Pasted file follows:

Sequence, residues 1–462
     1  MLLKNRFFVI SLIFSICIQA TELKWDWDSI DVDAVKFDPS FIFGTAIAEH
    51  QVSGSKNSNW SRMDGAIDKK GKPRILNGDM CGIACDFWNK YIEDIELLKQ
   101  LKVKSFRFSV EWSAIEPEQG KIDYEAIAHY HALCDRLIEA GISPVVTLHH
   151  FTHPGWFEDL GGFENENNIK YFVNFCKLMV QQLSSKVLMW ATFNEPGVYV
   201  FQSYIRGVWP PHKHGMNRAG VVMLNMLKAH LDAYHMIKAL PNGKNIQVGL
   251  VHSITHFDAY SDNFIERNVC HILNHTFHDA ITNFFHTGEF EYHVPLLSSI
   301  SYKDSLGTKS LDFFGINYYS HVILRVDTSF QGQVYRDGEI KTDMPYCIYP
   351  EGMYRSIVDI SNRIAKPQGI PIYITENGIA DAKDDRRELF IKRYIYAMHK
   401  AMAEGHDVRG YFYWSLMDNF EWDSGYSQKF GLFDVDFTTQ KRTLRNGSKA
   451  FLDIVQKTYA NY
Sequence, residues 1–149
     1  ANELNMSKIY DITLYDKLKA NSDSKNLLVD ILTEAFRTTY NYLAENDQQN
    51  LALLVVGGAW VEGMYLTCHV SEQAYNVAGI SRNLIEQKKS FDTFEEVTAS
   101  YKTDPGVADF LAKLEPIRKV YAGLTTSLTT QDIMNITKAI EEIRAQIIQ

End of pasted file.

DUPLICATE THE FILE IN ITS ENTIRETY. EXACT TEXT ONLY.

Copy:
Sequence, residues 1–462
     1  MLLKNRFFVI SLIFSICIQA TELKWDWDSI DVDAVKFDPS FIFGTAIAEH
    51  QVSGSKNSNW SRMDGAIDKK GKPRILNGDM CGIACDFWNK YIEDIELLKQ
   101  LKVKSFRFSV EWSAIEPEQG KIDYEAIAHY HALCDRLIEA GISPVVTLHH
   151  FTHPGWFEDL GGFENENNIK YFVNFCKLMV QQLSSKVLMW ATFNEPGVYV
   201  FQSYIRGVWP PHKHGMNRAG VVMLNMLKAH LDAYHMIKAL PNGKNIQVGL
   251  VHSITHFDAY SDNFIERNVC HILNHTFHDA ITNFFHTGEF EYHVPLLSSI
   301  SYKDSLGTKS LDFFGINYYS HVILRVDTSF QGQVYRDGEI KTDMPYCIYP
   351  EGMYRSIVDI SNRIAKPQGI PIYITENGIA DAKDDRRELF IKRYIYAMHK
   401  AMAEGHDVRG YFYWSLMDNF EWDSGYSQKF GLFDVDFTTQ KRTLRNGSKA
   451  FLDIVQKTYA NY
Sequence, residues 1–149
     1  ANELNMSKIY DITLYDKLKA NSDSKNLLVD ILTEAFRTTY NYLAENDQQN
    51  LALLVVGGAW VEGMYLTCHV SEQAYNVAGI SRNLIEQKKS FDTFEEVTAS
   101  YKTDPGVADF LAKLEPIRKV YAGLTTSLTT QDIMNITKAI EEIRAQIIQ